HOW TO APPROACH VENTURE CAPITALIST - STEP 4 & 5

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This is a step-by-step series guiding entrepreneurs on how to approach Venture Capitalists with focus on Silicon Valley. This is the third post and it aims to provide early-stage technology companies with a brief explanation on what you may expect following your first VC meeting and how you can move forward. We asked Timo Lehes, Partner at Scale.VC to lend us some of his knowledge and experiences for this post.

Your team has established a presence in the ecosystem and managed to get an introduction and meeting with a VC. During the meeting you’ve shown that your team can execute on a unique business idea with large potential.

What’s next?
Some entrepreneurs might misinterpret the results from a first meeting as a great outcome or a “done deal” based on the generally positive atmosphere that most first meetings with a VC have. Hearing comments like “we are interested” might lead to premature or false conclusions about the VCs level of interest.

Instead it is better to set realistic expectations. You can be fairly sure you won’t leave the room with a “Yes” or “No” unless your product is conflicting one of the portfolio companies, in which case you will get a straight No. They want to analyze and observe your business over a period of time – and that’s a very good thing for both parties.

The first meeting merely is a way for VCs to understand where you stand. Answering questions such as:

·      Is this an exciting market?
·      Is it within our investment criteria?
·      Is this the right team for this opportunity?
·      Is this a team we want to work with?

Further analysis and observation may be initiated if you fit the profile however a first meeting is the starting point in a longer process. This “VC process” is generally between 3 to 9 months from first meeting until agreement, depending on what type of funding you seek. Throughout this process you can expect more screenings, meetings and negotiations. Furthermore, VCs will perform due diligences on your legal, financial, technical, commercial and HR aspects.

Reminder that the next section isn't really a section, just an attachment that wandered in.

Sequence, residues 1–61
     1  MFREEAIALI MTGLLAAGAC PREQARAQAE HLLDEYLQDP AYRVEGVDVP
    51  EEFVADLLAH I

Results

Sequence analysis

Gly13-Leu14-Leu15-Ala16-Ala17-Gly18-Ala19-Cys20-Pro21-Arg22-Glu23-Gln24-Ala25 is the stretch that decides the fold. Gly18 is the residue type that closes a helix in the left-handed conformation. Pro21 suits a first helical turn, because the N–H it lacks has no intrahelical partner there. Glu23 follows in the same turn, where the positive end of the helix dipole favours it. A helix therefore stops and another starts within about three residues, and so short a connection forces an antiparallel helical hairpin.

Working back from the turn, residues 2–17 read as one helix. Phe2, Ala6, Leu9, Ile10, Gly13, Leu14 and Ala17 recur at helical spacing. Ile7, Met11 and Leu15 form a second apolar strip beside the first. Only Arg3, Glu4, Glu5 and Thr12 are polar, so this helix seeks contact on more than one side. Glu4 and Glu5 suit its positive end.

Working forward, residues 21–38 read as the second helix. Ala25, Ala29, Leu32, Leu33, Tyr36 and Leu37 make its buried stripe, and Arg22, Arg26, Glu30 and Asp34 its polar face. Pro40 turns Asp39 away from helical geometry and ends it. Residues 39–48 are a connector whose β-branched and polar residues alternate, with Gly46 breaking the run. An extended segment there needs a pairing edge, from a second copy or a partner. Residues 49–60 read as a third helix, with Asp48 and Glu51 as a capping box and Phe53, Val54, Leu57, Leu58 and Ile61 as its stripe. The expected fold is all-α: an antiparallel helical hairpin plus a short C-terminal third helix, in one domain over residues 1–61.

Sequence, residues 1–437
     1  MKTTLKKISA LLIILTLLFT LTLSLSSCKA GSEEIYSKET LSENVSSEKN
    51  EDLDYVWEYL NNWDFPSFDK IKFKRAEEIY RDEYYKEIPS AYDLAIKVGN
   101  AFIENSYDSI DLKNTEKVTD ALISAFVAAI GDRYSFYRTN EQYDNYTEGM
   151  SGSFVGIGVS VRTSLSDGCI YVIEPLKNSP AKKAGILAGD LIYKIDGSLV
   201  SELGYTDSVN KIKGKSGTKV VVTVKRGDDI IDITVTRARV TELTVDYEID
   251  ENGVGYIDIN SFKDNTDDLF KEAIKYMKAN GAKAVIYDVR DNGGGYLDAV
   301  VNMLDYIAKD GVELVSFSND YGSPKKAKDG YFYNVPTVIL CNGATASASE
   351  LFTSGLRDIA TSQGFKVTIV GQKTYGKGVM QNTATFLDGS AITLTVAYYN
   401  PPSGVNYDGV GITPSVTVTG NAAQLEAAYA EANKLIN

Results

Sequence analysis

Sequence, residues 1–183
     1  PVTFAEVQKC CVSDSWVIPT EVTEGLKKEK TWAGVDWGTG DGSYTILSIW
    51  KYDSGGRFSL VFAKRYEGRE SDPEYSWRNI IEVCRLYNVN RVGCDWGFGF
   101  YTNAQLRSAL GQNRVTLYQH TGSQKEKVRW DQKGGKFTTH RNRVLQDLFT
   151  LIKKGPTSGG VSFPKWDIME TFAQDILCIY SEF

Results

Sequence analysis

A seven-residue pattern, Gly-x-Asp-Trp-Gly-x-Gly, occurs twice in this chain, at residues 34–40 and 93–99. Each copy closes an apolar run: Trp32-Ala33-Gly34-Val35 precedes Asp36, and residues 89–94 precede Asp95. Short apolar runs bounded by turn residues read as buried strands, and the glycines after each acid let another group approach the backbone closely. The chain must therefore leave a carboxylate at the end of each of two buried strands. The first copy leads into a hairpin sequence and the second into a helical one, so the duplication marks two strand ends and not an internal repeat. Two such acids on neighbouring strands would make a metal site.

What can you do to improve your situation during the process?

There are indirect and direct ways to make an impact.

·      A direct way is to send continuous updates on performance and progress. This creates a comfort factor and shows your commitment.

·      An indirect way is to find people that are connected to the VC through your networks and persuade them to talk about your progress. To create “social proof”.

Displaying ambition and skills is key and using your wits with a proactive approach goes a long way. It is also equally important to understand where you are in the process and if you’re making progress. The process itself may contain a few larger steps.

·      Case identification
·      Screening / Evaluation
·      Negotiations & term sheet
·      Due diligence
·      Investment

Some subtle indicators of your progress may be:
·      Meeting frequency, this shows dedication and interest.
·      Milestones and to have clear “next steps” in the process is a positive sign.
·      Meeting additional partners usually indicates serious considerations.
·      Discussing deal terms, board members and ownership structure.

Wrapping up, there is no such thing as weekend trips to get VC funding. It is a process that is meant to take time. Try to figure out where you are and what you can do to improve your situation. Lastly, it is much better to come to Silicon Valley with the ambition to build a great company than to raise money.